Global research is revealing that bees are being affected by GMO crops which have the ability to alter the genes of honey bees in very subtle ways. This is another reason why we should keep Tasmania GM free.

Tasmania’s environmental legislation is lagging behind the rest of the developed world. While other countries are banning the chemicals responsible for colony collapse disorder, we are introducing them, as if they are new, exciting developments.

In addition to this, there is a weird, global trend of phasing out one toxic pesticide, and introducing another, which inevitably requires phasing out, as it’s true
environmental health effects are discovered. Is this not a kind of insanity? Does it not raise the question, ‘Perhaps pesticides are not the answer to managing pest issues?’

Currently the agriculture, forestry and horticulture industries are practicing a self-destructive method of pest control that threatens their very existence.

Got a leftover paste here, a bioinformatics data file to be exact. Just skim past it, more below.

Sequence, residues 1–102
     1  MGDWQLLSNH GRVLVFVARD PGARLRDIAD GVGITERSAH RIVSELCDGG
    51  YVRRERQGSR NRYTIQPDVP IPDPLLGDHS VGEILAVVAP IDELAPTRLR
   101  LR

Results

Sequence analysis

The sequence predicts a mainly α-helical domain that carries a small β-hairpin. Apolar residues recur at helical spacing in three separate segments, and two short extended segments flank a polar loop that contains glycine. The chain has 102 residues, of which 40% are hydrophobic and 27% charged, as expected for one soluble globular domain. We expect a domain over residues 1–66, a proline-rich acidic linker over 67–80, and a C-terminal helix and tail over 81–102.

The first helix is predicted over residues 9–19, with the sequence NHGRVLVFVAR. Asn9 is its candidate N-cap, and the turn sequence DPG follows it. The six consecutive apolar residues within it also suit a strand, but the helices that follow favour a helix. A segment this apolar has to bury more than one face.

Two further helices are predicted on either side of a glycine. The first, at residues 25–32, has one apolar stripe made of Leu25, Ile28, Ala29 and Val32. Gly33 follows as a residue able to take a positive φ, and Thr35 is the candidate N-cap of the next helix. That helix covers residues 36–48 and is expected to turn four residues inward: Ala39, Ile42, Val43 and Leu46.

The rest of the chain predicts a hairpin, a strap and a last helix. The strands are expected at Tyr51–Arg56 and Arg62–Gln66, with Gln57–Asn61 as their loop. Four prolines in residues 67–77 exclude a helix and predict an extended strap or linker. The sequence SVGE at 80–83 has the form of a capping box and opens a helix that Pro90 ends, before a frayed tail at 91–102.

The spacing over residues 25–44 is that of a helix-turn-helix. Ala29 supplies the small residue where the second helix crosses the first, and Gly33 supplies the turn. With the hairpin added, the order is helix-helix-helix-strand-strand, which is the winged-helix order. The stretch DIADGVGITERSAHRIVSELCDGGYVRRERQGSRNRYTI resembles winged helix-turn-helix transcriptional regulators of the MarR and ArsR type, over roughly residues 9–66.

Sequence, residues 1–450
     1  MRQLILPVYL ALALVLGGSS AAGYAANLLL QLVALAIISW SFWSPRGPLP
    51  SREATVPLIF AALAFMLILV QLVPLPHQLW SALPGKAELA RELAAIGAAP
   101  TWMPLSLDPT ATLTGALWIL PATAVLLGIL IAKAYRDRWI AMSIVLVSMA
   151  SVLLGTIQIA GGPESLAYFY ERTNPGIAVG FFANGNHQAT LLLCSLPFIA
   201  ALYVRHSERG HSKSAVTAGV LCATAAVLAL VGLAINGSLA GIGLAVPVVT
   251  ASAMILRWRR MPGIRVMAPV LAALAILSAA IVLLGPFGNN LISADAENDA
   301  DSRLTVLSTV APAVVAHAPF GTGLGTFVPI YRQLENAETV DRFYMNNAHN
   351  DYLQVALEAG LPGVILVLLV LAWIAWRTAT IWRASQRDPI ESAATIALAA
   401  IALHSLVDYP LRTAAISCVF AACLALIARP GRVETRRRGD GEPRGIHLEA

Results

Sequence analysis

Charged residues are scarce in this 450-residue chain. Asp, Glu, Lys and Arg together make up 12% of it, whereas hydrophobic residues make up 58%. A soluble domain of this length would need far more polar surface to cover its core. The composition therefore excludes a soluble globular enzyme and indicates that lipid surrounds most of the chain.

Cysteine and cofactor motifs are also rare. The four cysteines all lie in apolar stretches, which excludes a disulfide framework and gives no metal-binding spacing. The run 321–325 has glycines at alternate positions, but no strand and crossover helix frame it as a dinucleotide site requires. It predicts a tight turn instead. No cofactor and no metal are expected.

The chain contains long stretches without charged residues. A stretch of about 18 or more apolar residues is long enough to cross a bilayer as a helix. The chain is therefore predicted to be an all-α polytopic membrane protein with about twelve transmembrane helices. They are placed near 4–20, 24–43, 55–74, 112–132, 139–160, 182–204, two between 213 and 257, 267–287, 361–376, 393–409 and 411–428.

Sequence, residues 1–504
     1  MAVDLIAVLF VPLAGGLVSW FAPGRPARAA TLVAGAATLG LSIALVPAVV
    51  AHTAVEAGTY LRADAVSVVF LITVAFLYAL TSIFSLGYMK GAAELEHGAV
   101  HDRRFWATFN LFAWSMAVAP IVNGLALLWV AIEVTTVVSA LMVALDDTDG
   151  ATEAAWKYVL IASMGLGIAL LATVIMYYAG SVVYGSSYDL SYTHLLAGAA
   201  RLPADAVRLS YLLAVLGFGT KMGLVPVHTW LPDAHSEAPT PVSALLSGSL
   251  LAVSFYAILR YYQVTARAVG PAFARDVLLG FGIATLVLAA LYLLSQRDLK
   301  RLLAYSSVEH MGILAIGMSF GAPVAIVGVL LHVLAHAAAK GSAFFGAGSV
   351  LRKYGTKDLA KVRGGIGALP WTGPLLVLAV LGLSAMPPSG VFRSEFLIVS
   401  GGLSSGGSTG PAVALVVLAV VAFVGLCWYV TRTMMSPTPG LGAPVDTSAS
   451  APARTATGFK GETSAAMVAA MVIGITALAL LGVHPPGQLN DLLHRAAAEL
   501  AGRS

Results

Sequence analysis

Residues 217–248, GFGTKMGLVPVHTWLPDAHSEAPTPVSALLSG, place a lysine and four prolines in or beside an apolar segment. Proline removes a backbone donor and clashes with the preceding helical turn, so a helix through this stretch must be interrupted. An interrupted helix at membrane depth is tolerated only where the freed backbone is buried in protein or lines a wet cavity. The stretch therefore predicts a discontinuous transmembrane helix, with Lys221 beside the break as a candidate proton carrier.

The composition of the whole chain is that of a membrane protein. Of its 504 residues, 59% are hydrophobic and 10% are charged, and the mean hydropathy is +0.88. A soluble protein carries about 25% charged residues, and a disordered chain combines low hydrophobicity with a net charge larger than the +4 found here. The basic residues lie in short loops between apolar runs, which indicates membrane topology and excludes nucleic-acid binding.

Government, industries and researchers should be seriously investigating other methods of pest-management, BEFORE we follow suit with other countries and
experience a bee wipe-out. We have had warning – we should make use of it.

If we don’t do something to stop bees from disappearing, we may be next.

There is plenty that the average person can do.

Low maintenance gardens often do not provide enough flowering plants for bees and other important pollinators. Planting lavender, sunflowers, sedums, and any heavily flowering plants are excellent for bees, and many of these plants are low maintenance as well.

Accepting a few weeds on the lawn, or insects on flowers, rather than dousing gardens in pesticides that are toxic to bees, is the way to go, if we are serious about protecting bees. Most suburban gardens are small enough to weed by hand.

Physical methods of weed removal are superior to chemical ones.

Having a garden that has a dense planting pattern with many different species will also help. Once plants are well-established, weeds will no longer grow with ease.

Buying certified organic food that has been grown without toxic pesticides, herbicides or fungicides, sends a clear message to industry that consumers no longer want to be part of a cycle that poisons us, or the environment.

Just these 3 things would make a big difference to the problem of disappearing bees and protect Tasmania’s bee population, and of course, us.